Similarly, Iran has seized the opportunity to attack the state’s handling of the protests. The Trump administration has been a vocal critic of the Iranian regime and its treatment of civilian demonstrators. In a tweet from January, Secretary of State Mike Pompeo charged Supreme Leader Ayatollah Khamenei’s “kleptocracy” with “corruption, ineptitude, and brutality.” Evidently, such criticisms have aged poorly; in light of the recent protests in the US, government spokesman Abbas Moussavi mocked the Trump administration’s plea for the Iranian people in a message to Americans: “The world has heard your outcry over the state of oppression … the world is standing with you.” Taking additional steps to chastise the US’s supposed human rights hypocrisy, Khamenei chalked the culture of police brutality up to the nature of the American government, drawing parallels to American actions in Iraq, Afghanistan, and Syria.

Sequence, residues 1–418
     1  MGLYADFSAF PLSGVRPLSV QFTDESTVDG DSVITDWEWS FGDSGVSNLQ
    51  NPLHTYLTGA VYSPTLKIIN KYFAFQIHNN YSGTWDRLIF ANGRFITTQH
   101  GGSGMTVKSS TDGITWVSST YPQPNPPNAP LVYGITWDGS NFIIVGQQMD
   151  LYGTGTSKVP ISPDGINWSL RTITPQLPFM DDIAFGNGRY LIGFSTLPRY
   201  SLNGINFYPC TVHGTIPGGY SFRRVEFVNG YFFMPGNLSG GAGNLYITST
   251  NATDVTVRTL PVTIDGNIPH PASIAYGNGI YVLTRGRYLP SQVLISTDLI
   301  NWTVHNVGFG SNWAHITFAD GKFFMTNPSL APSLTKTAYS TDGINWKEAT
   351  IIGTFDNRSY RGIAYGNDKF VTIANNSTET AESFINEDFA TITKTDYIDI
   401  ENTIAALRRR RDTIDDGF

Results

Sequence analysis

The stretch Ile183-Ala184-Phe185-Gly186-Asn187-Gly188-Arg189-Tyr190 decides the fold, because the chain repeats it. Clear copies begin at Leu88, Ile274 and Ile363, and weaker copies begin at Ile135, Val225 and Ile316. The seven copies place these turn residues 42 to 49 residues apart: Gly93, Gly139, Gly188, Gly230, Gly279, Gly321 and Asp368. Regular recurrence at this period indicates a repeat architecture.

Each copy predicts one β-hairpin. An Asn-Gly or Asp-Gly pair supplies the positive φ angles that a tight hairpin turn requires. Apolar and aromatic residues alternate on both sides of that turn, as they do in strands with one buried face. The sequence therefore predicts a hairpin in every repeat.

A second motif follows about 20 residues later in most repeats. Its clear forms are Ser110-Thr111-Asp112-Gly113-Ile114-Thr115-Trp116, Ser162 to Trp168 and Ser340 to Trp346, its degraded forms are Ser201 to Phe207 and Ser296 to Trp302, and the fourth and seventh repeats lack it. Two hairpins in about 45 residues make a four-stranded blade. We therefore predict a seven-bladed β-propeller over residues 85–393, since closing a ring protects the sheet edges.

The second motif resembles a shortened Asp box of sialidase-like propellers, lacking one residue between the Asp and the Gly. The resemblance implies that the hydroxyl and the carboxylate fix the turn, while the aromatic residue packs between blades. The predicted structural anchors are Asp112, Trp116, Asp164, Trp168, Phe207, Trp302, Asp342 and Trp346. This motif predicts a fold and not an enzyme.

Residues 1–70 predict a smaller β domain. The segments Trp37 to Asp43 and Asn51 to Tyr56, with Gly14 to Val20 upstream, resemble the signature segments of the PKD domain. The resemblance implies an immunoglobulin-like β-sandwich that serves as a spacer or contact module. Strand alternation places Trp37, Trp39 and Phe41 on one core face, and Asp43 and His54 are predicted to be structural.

The phenomenon of American hypocrisy has been a persistent trend in both its foreign policy and pious rhetoric. To this end, while charges of hypocrisy against the US are all but novel, this particular instance has made the shortcomings of US democracy starkly evident. From rooted inequality to divide-and-rule tactics, to the government’s willingness to leverage the repressive state apparatus rather than address demands for change, there appears to be little difference between the American nation and the authoritarians it has historically vilified. The recent BLM protests indicate that there is certainly a broken link in America’s mission for democratic leadership.